Almost, But Not Quite: Thoughts On E. Dewey Smith’s Comments About Homosexuality

E. Dewey Smith, pastor of House of Hope in Atlanta, GA, has made waves over his comments concerning the treatment of gay people in churches. You can watch the video below.

This isn’t the first time that Smith has stepped into the stormy waters of sexuality in the Black church. He’s also made comments earlier in the summer, where he voiced his beliefs concerning marriage and admonished preachers for their hypocrisy concerning other issues.  Last year, Smith retweeted openly gay Bishop Yvette Flunder, which raised eyebrows for many onlookers. Given the time span over which these events have taken place, it is safe to assume that Smith’s thoughts have been developing on this matter.

Smith should be commended for initiating this conversation in spaces where it normally does not take place. He also should be praised for wrestling with these issues in places that are historically antagonistic toward LGBT people. The discussion of full inclusion in Black Christian denominations often takes place in seminaries, divinity schools, and other liberal religious arenas. The people who need to hear the conversation most are usually not in attendance.  Many Black Christians, gay or otherwise, are unaware that more progressive lines of thinking even exist. His comments pose a risk to his career and network that should not be ignored. Much of LGBT oppression in Black churches is upheld by an Old Boys’ Network, where people who are too divergent in their theology are shut out of lucrative ministry opportunities. Smith broke away from that mindset.

However, there is a rush to appoint Smith as a full-fledged ally to the LGBT cause. This is where caution needs to be exercised. He has yet to say that being gay or otherwise queer in not a sin. Smith does not say that being LGBT is a gift from God, or that it is blessing, or that people in the community are living out who God created them to be. What he does is highlight the hypocrisy of how gay people are treated based on how much the church body at large consumes from them. If anything, Smith is saying that being gay is no worse than any other sin, so it is wrong to treat gay people worse than everyone else. The unfortunately reality is that even a statement such as this is groundbreaking in many Black churches, but they do not signal a desire for full inclusion. Smith’s comments fall in line with many mainline denominations and churches: acknowledging the sacredness of all humanity but labeling homosexuality a sin.

There may be more that Smith has to say about inclusion that he has not yet said publicly. That is to be expected with a topic like this. It takes time and energy to unravel old thoughts and theology. Change does not happen overnight. He may arrive at a place in his journey where he is openly affirming. But his comments up to the present do not present an affirming message. Smith has not arrived there yet. Public support of marriage equality, which is now the law of the land, does not automatically make one affirming. What about ordaining gay clergy? What about the full access of areas of leadership for LGBT people? Would he marry a same-sex couple? These ideas could be coming down the pike, but until they come from his mouth, optimism should be tempered with caution.

There is something to be said for Smith’s words giving people hope in those spaces. We can never know how many people were touched, ministered to, and inspired to carry on. It is highly probable that one less suicide note was written and one fewer parent threw their child out of the house as a result of his comments. Smith’s words are likely the first time someone has ever heard anything approaching an affirming message from a Black preacher. That positive impact should not be diminished, but it does not need to be in order to acknowledge the areas where Smith’s comments still fall short. He is on a journey. He has gone further than many preachers in his position would dare. He has yet to fully affirm LGBT people. It is best to acknowledge the flowers that have bloomed along the way instead of forcing fruit to bear before its time.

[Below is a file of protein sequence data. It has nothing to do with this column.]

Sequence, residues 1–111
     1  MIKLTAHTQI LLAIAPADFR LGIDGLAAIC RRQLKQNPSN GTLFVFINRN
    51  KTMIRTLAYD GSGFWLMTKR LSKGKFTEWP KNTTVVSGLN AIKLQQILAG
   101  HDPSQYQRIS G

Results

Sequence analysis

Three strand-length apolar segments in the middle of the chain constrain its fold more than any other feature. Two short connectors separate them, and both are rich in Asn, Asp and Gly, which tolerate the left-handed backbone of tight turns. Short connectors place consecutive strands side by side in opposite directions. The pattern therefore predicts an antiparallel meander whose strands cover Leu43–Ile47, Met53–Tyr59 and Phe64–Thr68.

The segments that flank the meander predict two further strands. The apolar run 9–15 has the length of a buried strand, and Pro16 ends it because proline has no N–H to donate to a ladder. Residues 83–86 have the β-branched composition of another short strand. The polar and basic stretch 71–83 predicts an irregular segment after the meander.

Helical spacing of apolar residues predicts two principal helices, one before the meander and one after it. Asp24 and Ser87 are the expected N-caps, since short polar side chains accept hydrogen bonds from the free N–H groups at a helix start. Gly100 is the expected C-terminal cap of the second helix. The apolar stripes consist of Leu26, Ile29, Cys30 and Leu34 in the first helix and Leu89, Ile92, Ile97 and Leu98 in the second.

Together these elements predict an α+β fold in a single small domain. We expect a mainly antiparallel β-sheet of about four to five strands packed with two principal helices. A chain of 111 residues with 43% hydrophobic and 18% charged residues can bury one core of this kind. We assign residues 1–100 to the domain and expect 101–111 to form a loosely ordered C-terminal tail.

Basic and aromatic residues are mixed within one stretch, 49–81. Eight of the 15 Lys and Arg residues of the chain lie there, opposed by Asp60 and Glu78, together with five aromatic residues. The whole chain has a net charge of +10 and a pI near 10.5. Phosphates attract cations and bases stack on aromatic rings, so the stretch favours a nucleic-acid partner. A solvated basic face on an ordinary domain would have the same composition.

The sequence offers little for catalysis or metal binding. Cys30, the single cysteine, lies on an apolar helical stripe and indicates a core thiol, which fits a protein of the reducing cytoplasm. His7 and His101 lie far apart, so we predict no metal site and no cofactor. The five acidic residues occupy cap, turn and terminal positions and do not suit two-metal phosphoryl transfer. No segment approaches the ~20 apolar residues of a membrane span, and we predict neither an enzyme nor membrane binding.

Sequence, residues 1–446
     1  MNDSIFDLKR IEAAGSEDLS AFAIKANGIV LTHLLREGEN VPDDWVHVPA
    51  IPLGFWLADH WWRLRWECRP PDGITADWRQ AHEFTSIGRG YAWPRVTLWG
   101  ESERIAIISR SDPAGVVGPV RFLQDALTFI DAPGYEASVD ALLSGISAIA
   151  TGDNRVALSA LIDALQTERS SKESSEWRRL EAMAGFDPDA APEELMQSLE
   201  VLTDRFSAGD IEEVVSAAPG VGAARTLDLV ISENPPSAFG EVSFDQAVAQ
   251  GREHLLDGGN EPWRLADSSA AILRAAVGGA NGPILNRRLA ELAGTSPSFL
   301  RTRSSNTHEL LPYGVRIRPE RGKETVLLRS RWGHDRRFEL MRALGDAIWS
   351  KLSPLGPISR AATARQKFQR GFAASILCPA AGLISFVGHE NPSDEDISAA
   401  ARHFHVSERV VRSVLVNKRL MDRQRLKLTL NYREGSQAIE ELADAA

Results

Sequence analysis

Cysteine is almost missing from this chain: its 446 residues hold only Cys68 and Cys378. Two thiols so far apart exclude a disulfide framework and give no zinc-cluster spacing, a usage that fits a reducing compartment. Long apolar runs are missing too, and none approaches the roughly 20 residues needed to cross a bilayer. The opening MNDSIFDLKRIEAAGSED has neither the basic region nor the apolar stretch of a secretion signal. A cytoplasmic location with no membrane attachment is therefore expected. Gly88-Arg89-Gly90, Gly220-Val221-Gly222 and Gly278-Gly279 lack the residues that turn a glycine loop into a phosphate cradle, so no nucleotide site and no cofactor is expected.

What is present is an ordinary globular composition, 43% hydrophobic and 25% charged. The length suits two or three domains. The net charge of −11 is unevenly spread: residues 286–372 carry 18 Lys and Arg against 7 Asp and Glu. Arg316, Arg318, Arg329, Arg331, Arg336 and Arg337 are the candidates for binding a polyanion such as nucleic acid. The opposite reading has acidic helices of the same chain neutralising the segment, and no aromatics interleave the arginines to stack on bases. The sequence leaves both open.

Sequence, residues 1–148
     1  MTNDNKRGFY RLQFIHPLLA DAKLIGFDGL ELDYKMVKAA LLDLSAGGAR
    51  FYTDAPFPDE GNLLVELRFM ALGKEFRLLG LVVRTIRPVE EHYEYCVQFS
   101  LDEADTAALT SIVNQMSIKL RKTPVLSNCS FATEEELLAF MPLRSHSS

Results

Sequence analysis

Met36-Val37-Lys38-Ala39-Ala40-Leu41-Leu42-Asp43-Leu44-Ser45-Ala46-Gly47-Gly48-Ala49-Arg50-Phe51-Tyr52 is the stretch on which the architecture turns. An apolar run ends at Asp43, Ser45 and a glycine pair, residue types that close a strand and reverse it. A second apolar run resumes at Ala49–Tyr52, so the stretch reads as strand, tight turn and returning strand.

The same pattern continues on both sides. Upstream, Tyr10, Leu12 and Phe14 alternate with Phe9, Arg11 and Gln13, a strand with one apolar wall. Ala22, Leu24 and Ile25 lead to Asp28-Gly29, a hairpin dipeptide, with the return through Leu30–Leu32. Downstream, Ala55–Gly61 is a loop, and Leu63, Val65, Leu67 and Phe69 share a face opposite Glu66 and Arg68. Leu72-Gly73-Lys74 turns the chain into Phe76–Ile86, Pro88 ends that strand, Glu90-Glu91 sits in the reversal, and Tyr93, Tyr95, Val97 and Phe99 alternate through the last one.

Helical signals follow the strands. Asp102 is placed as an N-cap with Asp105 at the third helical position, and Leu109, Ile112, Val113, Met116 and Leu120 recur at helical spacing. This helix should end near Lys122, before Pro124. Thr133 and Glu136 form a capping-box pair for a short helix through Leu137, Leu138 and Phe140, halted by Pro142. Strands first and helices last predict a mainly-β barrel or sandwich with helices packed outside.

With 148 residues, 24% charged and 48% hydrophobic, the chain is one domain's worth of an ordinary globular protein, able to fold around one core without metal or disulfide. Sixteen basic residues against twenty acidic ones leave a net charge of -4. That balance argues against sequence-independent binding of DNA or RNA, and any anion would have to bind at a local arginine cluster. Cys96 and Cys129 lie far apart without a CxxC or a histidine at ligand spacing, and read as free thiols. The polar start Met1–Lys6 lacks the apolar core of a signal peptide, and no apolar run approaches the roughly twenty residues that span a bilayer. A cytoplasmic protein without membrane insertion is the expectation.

NOTE: E. Dewey Smith has clarified his statements. He does not consider himself an ally and still considers same-sex marriage and homosexuality sin. Read his and his church’s words here.

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Yes, It’s Been Changed: A Very Quick Primer on How We Get Our Bibles

So, this picture has been making the rounds on the interwebs.

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Erica Campbell of Mary Mary even shared it to her Facebook page, where the post received over 70,000 comments.

It is true? Have verses been taken out of the Bible?

The short answer is yes.

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But before you start pleading the blood and rebuking the devil, let’s have a brief conversation about where Bibles come from, kind of like the birds and the bees of biblical literature.

Before we start, just let me say that this is a very, VERY bare bones introduction to this topic. I’ve intentionally pared it down so it won’t be overwhelming. I’ll leave additional resources at the end for you to do more reading.

Bibles are translated from pieces of ancient manuscripts that are found from archeological digs or even by accident. In particular, there’s been many collected editions of the New Testament found all over. Editors compile what they can from the pieces of these manuscripts—which are often incomplete—and translate the Bibles that we read today. Nothing that these experts work on is an original document.

Did you hear that?

Repeat: WE HAVE NO ORIGINALS. Everything we have, even the oldest, “best” copies are just that: copies.

Some of these collections are older than others. The older something is, the closer its content is to whatever the original writer put in the document. But older still isn’t the same an original. So even in good (and good means older) copies, there is still stuff that is added, removed, and otherwise edited.

WAIT, ARE YOU SAYING THAT PEOPLE ADDED THINGS TO SCRIPTURE?

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Yes, but again, don’t get bent out of shape. Remember, people wrote everything by hand in ancient times. There was no copy machine so writers had to write every single document by hand.

Every.

Single.

One.